No offense intended but if your new why are you complaining about our long standing culture of cracking lame jokes, if you don't like it why did you join?

  • Re:Umm (Score:4, Insightful)

    by NeverVotedBush (1041088) on Tuesday October 16, 2012 @02:15PM (#41671885)
    When a drive fails and a RAID goes into reconstruction (if you are set up that way), that's when you are significantly more likely to have another drive fail due to all the extra activity across the RAID.

    We see it all the time on a big array. One must hustle to repair/rebuild the RAID... ;-)
  • Re:Umm (Score:5, Insightful)

    by Anonymous Coward on Tuesday October 16, 2012 @02:26PM (#41672029)

    I've seen two instances where a drive failed. Each time there were no handy replacement drives. Within a week a second drive died the same way as the first! back to backup tapes! Better to have replacement drives in boxes waiting.

    This. Your spares closet is your best friend in the enterprise. Ensure you keep it stocked.

    And locked. And don't label them "spares". Label them "cold swap fallback device" or something that management won't see as something "extra" that can be "repurposed" (i.e. stolen)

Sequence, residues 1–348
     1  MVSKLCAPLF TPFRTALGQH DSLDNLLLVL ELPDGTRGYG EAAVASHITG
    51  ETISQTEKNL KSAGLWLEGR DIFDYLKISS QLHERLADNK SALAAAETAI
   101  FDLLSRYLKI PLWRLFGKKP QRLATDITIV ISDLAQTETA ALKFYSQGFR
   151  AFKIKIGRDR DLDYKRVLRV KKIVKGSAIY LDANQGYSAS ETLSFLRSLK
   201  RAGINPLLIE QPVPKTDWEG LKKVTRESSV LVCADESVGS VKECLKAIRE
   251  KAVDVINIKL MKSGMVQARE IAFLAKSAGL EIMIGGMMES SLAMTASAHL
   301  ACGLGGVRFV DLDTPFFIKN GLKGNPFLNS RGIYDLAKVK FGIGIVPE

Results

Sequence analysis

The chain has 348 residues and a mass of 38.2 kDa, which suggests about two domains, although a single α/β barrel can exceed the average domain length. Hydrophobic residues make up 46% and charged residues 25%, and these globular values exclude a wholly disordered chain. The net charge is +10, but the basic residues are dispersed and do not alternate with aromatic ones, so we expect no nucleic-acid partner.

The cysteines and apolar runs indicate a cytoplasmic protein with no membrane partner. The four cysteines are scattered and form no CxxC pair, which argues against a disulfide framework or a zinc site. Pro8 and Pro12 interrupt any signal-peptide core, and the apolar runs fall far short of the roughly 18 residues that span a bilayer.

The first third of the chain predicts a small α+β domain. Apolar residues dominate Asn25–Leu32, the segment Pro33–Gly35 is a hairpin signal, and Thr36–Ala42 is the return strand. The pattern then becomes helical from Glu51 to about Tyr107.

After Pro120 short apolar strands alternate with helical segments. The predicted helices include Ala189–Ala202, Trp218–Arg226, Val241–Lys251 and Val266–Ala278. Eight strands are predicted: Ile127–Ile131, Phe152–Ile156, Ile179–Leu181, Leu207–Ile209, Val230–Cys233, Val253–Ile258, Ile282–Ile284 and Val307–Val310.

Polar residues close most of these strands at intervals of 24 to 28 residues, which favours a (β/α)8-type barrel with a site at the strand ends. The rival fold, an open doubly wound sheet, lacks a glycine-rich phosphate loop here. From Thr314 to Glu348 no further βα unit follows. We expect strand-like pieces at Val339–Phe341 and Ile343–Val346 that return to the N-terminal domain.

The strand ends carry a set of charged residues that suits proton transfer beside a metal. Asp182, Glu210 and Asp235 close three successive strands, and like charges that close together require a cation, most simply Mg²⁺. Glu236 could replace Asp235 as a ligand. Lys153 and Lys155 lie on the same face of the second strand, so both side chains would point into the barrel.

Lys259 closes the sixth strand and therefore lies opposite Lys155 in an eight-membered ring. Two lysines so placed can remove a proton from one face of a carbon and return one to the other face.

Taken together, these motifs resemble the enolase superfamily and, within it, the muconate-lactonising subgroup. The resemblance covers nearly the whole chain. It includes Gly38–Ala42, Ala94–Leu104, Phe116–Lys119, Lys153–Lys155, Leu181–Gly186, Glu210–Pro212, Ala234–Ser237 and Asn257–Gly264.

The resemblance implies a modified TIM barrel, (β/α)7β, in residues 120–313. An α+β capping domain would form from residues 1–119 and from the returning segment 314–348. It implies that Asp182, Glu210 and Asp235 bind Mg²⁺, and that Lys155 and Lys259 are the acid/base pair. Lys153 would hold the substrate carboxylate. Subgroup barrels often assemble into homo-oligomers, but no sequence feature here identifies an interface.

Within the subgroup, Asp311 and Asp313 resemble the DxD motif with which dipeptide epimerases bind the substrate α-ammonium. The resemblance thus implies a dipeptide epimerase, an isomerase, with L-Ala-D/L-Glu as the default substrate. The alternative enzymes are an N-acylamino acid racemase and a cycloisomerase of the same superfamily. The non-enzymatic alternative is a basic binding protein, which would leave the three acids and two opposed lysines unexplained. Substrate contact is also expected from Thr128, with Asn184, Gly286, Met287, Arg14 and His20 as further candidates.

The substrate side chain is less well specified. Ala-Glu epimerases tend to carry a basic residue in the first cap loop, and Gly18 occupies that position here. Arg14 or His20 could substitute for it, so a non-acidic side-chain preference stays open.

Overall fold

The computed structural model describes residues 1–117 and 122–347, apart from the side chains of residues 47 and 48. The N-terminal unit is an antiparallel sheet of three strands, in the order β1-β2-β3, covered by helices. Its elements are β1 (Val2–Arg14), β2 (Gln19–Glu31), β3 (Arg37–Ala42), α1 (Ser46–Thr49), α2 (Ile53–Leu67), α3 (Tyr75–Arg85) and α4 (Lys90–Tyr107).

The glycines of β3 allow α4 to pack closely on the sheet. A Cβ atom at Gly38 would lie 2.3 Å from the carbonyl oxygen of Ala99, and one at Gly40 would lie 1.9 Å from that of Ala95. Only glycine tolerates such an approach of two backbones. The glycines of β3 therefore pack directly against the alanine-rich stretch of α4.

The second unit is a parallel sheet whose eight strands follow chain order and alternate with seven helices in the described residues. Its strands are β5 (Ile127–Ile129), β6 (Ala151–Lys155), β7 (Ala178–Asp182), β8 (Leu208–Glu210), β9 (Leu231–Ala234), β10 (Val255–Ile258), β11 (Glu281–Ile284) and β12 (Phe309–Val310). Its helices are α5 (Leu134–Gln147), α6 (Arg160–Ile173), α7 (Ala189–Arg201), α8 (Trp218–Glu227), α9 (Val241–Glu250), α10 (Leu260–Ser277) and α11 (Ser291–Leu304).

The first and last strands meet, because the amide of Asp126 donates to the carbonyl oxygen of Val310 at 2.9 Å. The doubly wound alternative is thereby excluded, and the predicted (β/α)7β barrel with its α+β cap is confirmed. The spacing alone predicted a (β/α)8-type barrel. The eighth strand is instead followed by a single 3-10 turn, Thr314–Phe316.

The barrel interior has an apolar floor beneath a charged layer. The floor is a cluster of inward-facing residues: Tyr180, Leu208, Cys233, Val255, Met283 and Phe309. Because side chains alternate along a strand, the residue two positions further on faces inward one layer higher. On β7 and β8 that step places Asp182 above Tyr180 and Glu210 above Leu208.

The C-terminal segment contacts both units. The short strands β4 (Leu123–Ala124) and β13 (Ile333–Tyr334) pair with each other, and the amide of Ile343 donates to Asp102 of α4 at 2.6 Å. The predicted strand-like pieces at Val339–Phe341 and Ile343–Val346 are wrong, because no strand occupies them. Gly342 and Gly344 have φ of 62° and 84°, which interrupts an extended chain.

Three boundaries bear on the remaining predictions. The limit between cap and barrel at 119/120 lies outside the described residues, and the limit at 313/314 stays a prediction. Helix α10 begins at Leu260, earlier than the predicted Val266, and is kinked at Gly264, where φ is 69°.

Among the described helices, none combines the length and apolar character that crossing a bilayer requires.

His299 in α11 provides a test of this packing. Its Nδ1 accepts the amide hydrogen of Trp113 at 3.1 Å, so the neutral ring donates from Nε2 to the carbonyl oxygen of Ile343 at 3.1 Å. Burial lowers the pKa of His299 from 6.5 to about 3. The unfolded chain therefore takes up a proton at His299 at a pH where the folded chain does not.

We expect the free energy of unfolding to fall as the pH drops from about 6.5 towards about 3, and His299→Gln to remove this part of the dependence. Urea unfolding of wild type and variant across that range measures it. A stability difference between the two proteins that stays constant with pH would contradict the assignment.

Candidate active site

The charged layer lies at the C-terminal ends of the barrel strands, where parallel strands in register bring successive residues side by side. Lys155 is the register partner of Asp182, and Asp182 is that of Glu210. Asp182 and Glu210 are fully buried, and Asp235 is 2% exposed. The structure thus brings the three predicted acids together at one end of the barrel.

• Re:CRC Errors (Score:4, Insightful)

    by markhahn (122033) on Tuesday October 16, 2012 @02:27PM (#41672047)

    this is not very useful, as it mainly points out that the initial generations of commodity SSDs were immature. not to mention that return rates contain other phenomena than wear or even failure.

  • Re:CRC Errors (Score:5, Insightful)

    by arth1 (260657) on Tuesday October 16, 2012 @03:16PM (#41672681) Homepage Journal

    I am running (6) OCZ Vertex2 256GB drives under heavy use 24/7. Almost 2 years on have only had one fail and it still works, just started kicking random errors.

    Your failure rate of > 8% per year isn't very reassurring.

  • Re:CRC Errors (Score:5, Insightful)

    by Dishwasha (125561) on Tuesday October 16, 2012 @03:39PM (#41672967)

    I would counter-argue that any flash drive manufacturer is asking for massive RMAs when the device is clearly targeted for the laptop market (otherwise they would manufacture it in a 3.5" format) where the operating environment is guaranteed to be running on a battery for long periods of time. Any research in to battery operation would expose you to the vast differences in operating voltage as batteries discharge as well as the age of the battery. It is just bad engineering to not take this in to account.

    Reformatting the drive was not an option because the drive wouldn't even detect in the BIOS unless the special factory jumper was set which is a non-operational mode for the drive. This problem was reproduced over 10 times with over 10 different drives of the same model Vertex. Slightly bad power caused the entire drive to be rendered unusable. Amazingly, none of the other hardware in the laptop had any problem with the power (i.e. screen, cpu, memory, other spindle-based hard drive, gpu, etc.). As I said, bad engineering.